Literature: The Epic of Gilgamesh
A legend from Ancient Mesopotamia
, the Epic of Gilgamesh
is the earliest surviving heroic epic
and is very much Older Than Dirt
Gilgamesh is the super strong
, ruggedly handsome
, two-thirds god and one-third mortal
king of Uruk, and he is bored. He spends his free time sleeping with every new bride on their wedding night
, which their husbands are not too happy about. But he's the king, and he has no equal, so he can do what he wants. The people of Uruk beg the gods to provide Gilgamesh with something better to do. The gods decide that what the restless, powerful, adventure-hungry
hero needs is a best friend and Worthy Opponent
. So they have the goddess Aruru create a wild man named Enkidu, who lives among the animals, frightening local farmers and hunters. One of them convinces a temple harlot, Shamhat, to make a civilized man
out of Enkidu by seducing him. After a week-long sex session, Shamhat convinces Enkidu to come back with her to Uruk and learn how to live like a proper human, promising she will find him a companion so that he'll never be lonely again. He accepts.
So Gilgamesh and Enkidu become inseparable friends
(after beating each other to a pulp in the streets
). To celebrate, Gilgamesh decides they should go on an adventure to a sacred cedar forest, defeat the guardian monster Humbaba, and cut down the giant cedars. Why? Why not? You only live once
. Against the advice of everybody
, they go through with it, and win.
Almost as soon as they get home, the pair are faced with their next adventure when Gilgamesh turns down the goddess Ishtar's offer of marriage, noting the unsavoury fates that befell her previous lovers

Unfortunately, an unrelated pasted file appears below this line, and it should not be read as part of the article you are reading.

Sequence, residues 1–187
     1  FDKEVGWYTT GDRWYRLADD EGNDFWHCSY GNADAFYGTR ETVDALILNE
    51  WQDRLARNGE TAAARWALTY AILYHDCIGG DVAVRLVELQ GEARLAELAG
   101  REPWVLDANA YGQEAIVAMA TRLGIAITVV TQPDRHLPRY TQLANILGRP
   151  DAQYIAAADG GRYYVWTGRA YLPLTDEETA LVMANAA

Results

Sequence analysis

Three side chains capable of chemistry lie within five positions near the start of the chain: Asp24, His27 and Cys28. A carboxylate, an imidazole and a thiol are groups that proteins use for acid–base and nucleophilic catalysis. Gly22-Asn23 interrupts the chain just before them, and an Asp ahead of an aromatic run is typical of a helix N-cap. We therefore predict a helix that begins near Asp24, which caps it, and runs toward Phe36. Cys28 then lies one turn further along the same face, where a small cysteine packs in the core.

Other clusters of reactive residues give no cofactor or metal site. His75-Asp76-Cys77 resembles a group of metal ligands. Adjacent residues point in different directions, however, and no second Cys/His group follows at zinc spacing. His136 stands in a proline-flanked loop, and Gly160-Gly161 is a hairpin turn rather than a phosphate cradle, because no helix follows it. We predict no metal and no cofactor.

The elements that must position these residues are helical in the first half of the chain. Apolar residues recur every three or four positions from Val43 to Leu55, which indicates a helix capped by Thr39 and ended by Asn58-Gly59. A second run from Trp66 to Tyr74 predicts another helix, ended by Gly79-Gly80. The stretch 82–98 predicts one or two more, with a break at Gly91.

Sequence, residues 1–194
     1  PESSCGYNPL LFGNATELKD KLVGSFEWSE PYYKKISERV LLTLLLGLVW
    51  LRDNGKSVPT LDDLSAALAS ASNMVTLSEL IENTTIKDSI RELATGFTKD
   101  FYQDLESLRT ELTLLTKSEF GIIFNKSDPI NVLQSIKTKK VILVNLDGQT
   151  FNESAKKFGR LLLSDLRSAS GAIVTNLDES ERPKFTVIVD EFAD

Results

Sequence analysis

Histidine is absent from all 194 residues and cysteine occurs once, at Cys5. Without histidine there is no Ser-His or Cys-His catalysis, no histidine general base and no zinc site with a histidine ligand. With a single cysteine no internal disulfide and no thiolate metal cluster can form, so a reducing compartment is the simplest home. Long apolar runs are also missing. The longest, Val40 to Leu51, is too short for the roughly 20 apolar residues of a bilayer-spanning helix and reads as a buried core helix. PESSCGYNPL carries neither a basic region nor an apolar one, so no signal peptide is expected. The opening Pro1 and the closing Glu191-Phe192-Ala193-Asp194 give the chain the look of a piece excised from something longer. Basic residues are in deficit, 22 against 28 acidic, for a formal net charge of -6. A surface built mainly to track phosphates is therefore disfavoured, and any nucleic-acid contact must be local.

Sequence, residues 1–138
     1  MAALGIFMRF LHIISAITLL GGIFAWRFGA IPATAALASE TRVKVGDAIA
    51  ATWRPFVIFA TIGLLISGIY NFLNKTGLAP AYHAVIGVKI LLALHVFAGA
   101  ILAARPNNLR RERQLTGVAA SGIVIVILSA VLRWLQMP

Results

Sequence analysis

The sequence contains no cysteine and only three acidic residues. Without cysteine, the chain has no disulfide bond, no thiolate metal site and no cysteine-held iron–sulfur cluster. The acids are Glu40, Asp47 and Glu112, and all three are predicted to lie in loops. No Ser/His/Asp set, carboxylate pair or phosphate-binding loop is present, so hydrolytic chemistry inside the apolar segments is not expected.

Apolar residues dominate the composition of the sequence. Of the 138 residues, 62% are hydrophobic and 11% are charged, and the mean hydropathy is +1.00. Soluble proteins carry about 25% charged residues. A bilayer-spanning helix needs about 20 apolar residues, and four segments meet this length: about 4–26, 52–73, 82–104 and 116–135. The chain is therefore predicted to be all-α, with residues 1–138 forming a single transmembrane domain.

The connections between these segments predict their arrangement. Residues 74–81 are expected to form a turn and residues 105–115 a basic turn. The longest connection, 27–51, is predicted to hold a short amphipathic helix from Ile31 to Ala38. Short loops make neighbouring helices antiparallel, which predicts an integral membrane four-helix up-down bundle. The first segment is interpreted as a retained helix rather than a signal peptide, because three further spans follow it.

, and she retaliates by unleashing the terrible Bull of Heaven on Uruk. The two heroes manage to slay it, something the gods aren't too happy about, and they decide Enkidu must die in return.
His friend's death only serves to awaken Gilgamesh's own fear of dying — curse those one-third mortal genes! There's only one thing to do — go to the ends of the Earth and find the secret of eternal life. His advisors tell him that's crazy and that he should get over it. The Scorpion Men who guard the underground tunnel that the sun uses to reach the other side of the Earth every night tell him to turn back and get over it. Siduri, keeper of the inn at the end of the tunnel, tells him to stop causing himself so much stress and enjoy life while he has the chance
and get over his obsession. Utanapishtim, the survivor of the great flood who was made immortal, tells Gilgamesh immortality isn't for humans and he should get over his crazy wish of living forever. Sensing the pattern yet?
Utanapishtim offers Gilgamesh a test: if Gilgamesh can stay awake for seven nights, he will give Gilgamesh the immortality he wants. Gilgamesh falls asleep almost immediately — because of Utanapishtim's magic, it is implied — then lies and claims to have stayed awake, thus failing the true purpose of Utanapishtim's test
. But Utanapishtim's wife convinces him to be nice and give the seeker something
for his trouble. So he tells Gilgamesh where to find a plant that will make whoever eats it young again. The good news is he finds it. The bad news is he takes a break on the way home to bathe, and the plant is eaten by a snake instead. Tough luck. Looks like Gilgamesh the Not So Invincible After All
has to come to terms with death and content himself instead with the beauty and majesty of his mighty kingdom — which will
be remembered forever.
The Epic of Gilgamesh contains examples of: